live in Edmonton, 1994

Lock Up the Bagels!

Blackie & the Rodeo Kings' Stephen Fearing

Interview and live photography by Rodney Gitzel

45-second excerpt from Blackie & the Rodeo Kings' "Come On Train" (352 Kb .au file)

Vancouver is the place to be, it seems. Everybody wants to come here, so why would anyone leave? But that's exactly what singer/songwriter Stephen Fearing did, two years ago. And where did he move to? Guelph. Guelph?!

"It's interesting," says Fearing. "When I moved here, people who lived here, people who knew me on the coast, they're all kind of scratching their heads, 'why did you move to Guelph?' I didn't move here for business, and I didn't move here because the scenery is pretty -- although it is, and business is better for me here -- but I moved here because I got married, so that pretty much answers that. Luckily my wife didn't live in Etobicoke or Scarborough, so I landed in a very cool little town."

Surely he misses Vancouver? "You know, I miss the water, I miss my friends, I miss... Siegel's Bagels! There's a couple of things you just can't get here. The coffee has finally come around, but, you know, the first year I was just hurting, I thought 'This is terrible. I've come from Joe's, the best coffee in the western hemisphere, to this sorta sad, pathetic cappuccino.' But they're coming around."

Linden, Wilson and Fearing "It's been a good move. Certainly -- and this is a nice little segue, here -- the Blackie thing, it couldn't have happened if I hadn't moved."

"The Blackie thing" is Blackie and the Rodeo Kings, a Canadian supergroup of sorts, consisting of Fearing, Colin Linden and Junkhouse's Tom Wilson, which performs exclusively the songs of Canada's own Willie P. Bennett, who was a strong and early influence on each of the three.

Colin Linden met Bennett when he was 14 -- this was after he had also become friends with Howlin' Wolf. A young Tom Wilson, playing guitar in Hamilton, found that you covered two things: the Ramones and Willie P. Bennett. Fearing, for his part, credits his sister's gift of the Hobo's Taunt album. "I had just picked up the guitar, and I had no idea about this guy, but his songs were really easy to learn." Years later, Bennett's continuing influence brought the three together.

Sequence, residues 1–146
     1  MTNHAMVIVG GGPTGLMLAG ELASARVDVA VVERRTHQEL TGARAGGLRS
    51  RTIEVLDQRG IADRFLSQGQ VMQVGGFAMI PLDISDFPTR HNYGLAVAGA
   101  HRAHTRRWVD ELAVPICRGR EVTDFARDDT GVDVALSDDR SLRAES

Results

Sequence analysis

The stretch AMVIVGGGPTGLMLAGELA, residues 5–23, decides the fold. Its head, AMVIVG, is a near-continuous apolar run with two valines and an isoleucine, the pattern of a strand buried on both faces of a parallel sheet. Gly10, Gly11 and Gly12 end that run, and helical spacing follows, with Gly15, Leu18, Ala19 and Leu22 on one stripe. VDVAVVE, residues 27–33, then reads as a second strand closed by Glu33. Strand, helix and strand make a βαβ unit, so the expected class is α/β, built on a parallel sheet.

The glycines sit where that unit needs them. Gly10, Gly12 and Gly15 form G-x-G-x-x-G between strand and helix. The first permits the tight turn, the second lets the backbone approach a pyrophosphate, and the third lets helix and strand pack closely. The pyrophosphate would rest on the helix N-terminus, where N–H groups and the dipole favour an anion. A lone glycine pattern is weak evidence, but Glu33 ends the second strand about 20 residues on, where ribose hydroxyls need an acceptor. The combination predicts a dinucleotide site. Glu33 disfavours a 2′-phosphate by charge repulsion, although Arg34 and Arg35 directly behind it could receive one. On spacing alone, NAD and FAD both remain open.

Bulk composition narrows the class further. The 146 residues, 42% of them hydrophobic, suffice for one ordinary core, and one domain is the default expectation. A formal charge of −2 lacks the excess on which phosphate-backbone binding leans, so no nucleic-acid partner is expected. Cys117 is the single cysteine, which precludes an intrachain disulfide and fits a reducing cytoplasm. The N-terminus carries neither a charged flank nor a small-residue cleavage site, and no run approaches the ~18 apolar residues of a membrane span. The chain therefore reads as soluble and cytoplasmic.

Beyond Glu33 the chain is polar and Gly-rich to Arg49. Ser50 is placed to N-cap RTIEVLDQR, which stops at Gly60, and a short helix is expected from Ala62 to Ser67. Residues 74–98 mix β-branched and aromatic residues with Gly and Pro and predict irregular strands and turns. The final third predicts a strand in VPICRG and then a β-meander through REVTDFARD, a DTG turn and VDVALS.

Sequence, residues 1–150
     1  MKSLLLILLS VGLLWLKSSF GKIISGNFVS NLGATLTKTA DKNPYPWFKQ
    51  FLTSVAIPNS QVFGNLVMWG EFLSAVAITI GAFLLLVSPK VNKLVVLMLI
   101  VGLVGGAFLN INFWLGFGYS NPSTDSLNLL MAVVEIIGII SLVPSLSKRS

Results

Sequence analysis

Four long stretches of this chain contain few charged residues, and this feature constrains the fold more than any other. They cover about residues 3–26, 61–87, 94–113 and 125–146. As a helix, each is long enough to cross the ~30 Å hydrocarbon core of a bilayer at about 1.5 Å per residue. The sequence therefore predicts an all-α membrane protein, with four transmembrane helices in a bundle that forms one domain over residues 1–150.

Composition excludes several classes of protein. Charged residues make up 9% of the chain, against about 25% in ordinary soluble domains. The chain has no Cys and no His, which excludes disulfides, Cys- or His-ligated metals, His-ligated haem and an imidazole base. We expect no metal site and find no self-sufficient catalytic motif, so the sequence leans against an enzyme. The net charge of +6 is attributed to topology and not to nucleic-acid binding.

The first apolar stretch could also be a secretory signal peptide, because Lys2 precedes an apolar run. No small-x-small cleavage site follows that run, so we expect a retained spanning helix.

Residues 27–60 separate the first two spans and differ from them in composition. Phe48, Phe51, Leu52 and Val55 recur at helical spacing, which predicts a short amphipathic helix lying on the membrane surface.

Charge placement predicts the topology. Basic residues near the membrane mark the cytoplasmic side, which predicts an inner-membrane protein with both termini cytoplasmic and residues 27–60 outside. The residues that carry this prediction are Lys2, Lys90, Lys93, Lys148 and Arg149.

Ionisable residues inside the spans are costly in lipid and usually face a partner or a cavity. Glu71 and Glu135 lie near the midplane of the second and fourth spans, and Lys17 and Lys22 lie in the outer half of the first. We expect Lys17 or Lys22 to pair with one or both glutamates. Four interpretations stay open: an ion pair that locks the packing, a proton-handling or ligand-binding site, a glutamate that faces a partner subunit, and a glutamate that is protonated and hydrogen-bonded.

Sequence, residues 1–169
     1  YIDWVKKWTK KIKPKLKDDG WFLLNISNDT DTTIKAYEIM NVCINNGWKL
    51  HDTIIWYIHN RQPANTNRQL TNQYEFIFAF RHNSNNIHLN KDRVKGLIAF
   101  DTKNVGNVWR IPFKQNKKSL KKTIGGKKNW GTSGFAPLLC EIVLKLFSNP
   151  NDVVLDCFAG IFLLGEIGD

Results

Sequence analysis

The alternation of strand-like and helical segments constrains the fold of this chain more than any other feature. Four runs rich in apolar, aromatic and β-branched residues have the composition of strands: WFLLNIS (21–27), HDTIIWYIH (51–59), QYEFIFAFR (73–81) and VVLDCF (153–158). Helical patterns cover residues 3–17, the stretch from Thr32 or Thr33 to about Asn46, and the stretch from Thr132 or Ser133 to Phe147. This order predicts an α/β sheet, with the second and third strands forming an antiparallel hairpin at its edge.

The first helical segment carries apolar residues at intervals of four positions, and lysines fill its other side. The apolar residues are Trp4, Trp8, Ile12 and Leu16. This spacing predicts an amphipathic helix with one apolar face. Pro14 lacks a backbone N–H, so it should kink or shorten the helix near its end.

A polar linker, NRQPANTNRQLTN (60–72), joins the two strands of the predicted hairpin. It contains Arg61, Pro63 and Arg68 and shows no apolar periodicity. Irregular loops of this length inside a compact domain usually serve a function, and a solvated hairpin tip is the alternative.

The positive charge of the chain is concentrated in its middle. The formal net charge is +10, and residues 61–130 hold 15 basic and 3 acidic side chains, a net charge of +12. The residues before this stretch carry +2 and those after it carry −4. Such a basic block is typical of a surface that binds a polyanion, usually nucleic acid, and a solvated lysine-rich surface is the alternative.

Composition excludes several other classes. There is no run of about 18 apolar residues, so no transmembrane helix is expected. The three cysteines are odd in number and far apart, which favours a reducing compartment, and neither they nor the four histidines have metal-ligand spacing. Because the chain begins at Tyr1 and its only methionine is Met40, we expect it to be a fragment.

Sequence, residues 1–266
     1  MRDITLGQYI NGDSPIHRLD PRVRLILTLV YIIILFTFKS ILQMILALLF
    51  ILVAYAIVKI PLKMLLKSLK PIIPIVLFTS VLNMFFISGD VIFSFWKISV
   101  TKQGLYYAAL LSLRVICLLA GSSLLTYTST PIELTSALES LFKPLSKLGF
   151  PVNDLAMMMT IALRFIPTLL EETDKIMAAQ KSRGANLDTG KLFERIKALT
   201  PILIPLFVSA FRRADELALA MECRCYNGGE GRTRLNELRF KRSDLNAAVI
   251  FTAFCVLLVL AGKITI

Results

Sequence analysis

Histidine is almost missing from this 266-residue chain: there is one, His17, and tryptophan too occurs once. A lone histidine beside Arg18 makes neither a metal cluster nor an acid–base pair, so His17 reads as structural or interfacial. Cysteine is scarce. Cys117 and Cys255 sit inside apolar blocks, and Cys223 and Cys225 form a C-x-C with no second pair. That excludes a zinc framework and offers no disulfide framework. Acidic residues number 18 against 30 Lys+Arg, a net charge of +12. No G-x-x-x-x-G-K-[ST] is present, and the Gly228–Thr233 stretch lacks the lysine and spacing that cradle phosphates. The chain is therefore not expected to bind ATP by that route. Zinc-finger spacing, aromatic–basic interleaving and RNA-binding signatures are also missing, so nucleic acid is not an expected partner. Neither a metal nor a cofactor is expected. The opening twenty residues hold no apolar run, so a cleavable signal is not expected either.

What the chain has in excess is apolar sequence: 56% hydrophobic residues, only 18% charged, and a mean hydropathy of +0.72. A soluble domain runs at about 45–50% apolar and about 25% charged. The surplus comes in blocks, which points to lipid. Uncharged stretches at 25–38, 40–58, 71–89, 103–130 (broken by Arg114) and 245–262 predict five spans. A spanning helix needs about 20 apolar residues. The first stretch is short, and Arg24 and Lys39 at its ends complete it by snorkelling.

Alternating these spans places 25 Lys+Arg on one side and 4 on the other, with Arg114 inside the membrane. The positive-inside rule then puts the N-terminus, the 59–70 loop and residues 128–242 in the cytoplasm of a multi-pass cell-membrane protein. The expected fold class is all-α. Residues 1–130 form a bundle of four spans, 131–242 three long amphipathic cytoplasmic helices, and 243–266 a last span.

"The way this whole thing came about was both Colin and I thinking about it at pretty much exactly the same time, I mean within the same 24-hour period, both of us thinking, 'Gee, wouldn't it be fun to do an album of Willie P. Bennett's music?'" The two psychics emailed each other and then met at a John Hiatt gig, excited that they'd both had the same idea. Wilson was called the next day.

This was in mid November, and, by the start of January, they were in the studio. "For me, it was something vague, a 'wouldn't it be fun one day' kinda of thing. I was thinking at least a year down the road, if ever," Fearing says. "Colin, in the meantime, was ready to go RIGHT NOW, and he had the money in place to do it."

"We picked our own songs, and there was no overlap, which was really interesting. We all picked different songs. Even when Russell deCarle [of Prairie Oyster] came in and said, "I really want to do a song," the tune that Russell picked ["For the Sake of a Dollar"] was one that none of us had even thought of."

'High or Hurtin'' CD cover "The whole thing was, by and large, spontaneous, fun, quick. At first I was really nervous because it seemed like there was a distinct lack of time set aside for rehearsing, but Colin had faith, and he really knew what he was doing [as producer]. We just powered through it and it was done. We were only there for five days -- 15 bed tracks in five days -- and when we left, I was like, 'That was too quick! Shouldn't we do something else?' It was too much fun altogether."